“As a filmmaker, Kosinski thinks in terms of grand images that will be buttressed by declarative music,” writes Tim Grierson for Screen. “Characters don’t get developed in compelling ways, but Kosinski offsets that deficiency by consistently choosing evocative framing and reaching for emotional climaxes that stir the audience. His themes—the power of true love, the strength of the human spirit—may be trite, but he wrings them for maximum impact.”

Updates, 4/11: “The trouble with Oblivion is that it never gets past second gear, and most of the ideas feel cloned,” finds the Telegraph‘s Tim Robey. “It’s best, probably, not to think too hard, and to relish the more basic pleasures of floating spherical drones blowing stuff up. Kosinski is no great shakes at large-scale action sequences, but he constructs a world that’s majestic to behold, addictive to explore, and constantly seems to promise a better movie than the one we’re given. If Oblivion were a date, you’d give it high marks for first impressions, but might not stick around for pudding.”

Oblivion is an absolutely gorgeous film dramatically caught between its aspirations for poetic romanticism and the demands of heavy sci-fi action,” writes the Hollywood Reporter‘s Todd McCarthy.

For Variety‘s Justin Chang, it’s “a moderately clever dystopian mindbender with a gratifying human pulse.”

Oblivion‘s opened the summer movie season, declares Oliver Lyttelton at the Playlist. “And as it turns out, it marks a pretty good kick-off point, even if it has its share of flaws.”


Morgan Freeman in ‘Oblivion’

Updates, 4/21: Time‘s Richard Corliss wonders “how is it that science-fiction films imagine the worst for our future while steeped in love-loss for our past? Perhaps because the genre blossomed, as literature and then cinema, in the late 1940s—the time of the Cold War and the first nuclear age—when our world’s two great powers played a deadly game of mutually assured destruction, and when fearing the prospect of human extinction was not paranoia, just common sense. It’s no wonder that any time before the Bomb seemed Edenic to sci-fi writers, readers and movigoers; any time after might spell The End.” As Oblivion, though, “Six minutes or 60 years after seeing the movie, viewers are unlikely to remember it.”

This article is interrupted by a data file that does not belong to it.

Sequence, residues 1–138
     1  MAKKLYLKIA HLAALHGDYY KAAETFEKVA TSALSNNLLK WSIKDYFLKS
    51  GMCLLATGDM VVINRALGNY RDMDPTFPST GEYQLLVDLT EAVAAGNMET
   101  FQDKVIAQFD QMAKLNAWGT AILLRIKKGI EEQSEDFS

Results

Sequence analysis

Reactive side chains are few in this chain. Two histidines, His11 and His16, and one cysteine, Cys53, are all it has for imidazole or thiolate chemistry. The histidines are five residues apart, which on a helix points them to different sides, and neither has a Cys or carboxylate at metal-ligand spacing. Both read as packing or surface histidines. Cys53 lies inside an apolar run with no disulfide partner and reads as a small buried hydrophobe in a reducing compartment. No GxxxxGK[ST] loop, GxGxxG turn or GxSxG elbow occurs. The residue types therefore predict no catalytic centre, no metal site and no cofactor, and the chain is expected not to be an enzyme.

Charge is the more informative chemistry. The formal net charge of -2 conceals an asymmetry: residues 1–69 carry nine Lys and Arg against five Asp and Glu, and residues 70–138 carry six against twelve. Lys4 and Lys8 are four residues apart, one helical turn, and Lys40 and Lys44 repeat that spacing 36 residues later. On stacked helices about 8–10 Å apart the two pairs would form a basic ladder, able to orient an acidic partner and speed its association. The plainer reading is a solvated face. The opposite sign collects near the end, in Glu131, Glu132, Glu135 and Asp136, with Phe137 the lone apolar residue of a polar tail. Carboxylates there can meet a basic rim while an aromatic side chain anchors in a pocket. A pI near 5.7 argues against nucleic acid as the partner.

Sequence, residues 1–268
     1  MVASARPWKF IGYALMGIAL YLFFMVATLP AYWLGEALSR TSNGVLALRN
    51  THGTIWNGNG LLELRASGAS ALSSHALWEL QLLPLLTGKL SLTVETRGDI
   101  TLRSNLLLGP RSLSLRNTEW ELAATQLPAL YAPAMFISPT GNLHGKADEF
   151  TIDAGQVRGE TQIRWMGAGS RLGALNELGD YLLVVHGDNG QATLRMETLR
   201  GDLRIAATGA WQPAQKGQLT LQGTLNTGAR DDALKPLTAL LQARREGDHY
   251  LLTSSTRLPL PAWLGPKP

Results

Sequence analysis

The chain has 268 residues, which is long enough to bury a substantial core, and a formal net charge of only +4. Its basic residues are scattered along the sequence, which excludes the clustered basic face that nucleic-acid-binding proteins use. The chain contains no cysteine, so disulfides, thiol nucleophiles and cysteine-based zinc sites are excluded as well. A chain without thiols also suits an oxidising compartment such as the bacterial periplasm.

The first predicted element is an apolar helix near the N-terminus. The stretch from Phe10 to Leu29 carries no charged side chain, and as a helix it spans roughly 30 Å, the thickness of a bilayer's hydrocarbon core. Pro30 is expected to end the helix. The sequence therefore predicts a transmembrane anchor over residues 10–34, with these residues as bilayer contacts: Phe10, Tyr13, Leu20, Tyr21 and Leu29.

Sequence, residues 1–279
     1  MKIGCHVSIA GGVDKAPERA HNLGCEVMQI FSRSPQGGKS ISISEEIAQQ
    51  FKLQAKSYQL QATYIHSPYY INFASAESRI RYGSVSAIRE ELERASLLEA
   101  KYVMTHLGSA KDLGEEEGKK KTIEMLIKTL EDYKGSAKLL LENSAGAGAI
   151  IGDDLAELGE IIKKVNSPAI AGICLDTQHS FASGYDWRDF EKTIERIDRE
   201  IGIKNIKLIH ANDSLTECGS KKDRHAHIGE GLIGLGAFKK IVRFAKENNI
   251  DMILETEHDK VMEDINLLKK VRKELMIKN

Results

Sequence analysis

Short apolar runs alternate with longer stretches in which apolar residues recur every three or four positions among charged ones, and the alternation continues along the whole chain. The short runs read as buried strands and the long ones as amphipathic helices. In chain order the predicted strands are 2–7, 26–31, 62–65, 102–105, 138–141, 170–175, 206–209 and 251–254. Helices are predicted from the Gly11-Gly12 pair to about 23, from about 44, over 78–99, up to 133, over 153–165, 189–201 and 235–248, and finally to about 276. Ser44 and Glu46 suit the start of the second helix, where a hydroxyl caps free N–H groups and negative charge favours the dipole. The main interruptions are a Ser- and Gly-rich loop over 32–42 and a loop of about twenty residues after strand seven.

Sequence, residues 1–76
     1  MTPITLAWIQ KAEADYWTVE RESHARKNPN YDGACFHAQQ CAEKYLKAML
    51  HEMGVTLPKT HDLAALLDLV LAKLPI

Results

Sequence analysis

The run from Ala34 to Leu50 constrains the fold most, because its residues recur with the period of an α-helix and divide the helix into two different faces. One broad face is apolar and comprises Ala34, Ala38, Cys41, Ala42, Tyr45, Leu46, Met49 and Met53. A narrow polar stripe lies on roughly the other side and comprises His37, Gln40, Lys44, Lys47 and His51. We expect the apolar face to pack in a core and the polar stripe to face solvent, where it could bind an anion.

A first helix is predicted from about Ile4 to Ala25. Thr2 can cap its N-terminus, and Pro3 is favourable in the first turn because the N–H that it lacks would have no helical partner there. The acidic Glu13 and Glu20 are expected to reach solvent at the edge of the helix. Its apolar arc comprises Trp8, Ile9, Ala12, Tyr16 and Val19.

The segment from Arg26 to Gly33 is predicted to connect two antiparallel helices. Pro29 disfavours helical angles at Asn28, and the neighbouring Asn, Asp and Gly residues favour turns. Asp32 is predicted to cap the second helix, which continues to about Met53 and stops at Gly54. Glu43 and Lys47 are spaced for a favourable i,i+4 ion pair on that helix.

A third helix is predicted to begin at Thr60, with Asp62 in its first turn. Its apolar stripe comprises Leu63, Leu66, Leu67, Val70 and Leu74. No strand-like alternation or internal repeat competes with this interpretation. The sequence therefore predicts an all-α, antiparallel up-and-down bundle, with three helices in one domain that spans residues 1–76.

For Mark Feeney, writing in the Boston Globe, “Oblivion is a lot like its star: clean, cold, efficient, increasingly overblown, and not a little inexplicable.”

“The agony of being a longtime Tom Cruise fan has always been a burden,” adds Manohla Dargis in the New York Times, “but now it’s just, well, dispiriting. You not only have to ignore the din of the tabloids and swat away the buzzing generated by his multiple headline-ready dramas, you also have to come to grips with the harsh truth that it no longer actually matters why and how Tom Terrific became less so. No one else much cares.”

“Was Cruise trying to beat out fellow Scientologist John Travolta for the honor of starring in the dumbest sci-fi epic ever?” wonders New York‘s David Edelstein.

“It’s apparent now,” writes Calum Marsh for Slant, “after two similarly pristine and vacuous productions, that Joseph Kosinski makes films as if he were building IKEA furniture: He follows a simple template, allen-keys the requisite pieces into place, and at the end of the process winds up with something both blandly functional and broadly appealing.” And, “much like TRON: Legacy, Oblivion‘s defining quality isn’t precision so much as the illusion thereof.”

Updates, 4/29: “Cruise was once willing to relinquish control of his image to filmmakers whose creative judgment he clearly trusted,” notes Calum Marsh in the Voice, “which resulted in work of surprising intelligence and sophistication—unsurprisingly, some of the best of his career. Lately, however, Cruise has taken the opposite approach: rather than actively seek roles that challenge his iconography and legacy, he’s receded into complacency and, even worse, seemingly desperate self-mythologizing.”

“The star hit fifty last year, and, while the torso of youth is disturbingly intact, the cockiness of youth is fading fast, leaving a driven grimness,” writes Anthony Lane in the New Yorker. “Yet Oblivion is worth the trip. There are two reasons for this. The first is the cinematography of Claudio Miranda, who won an Oscar for his work on Life of Pi.” And the second, he argues, is Andrea Riseborough: “Even if Oblivion, baffling and glum, goes the way of its title, one character will lodge inside the hard drive of our memory, and stay there.”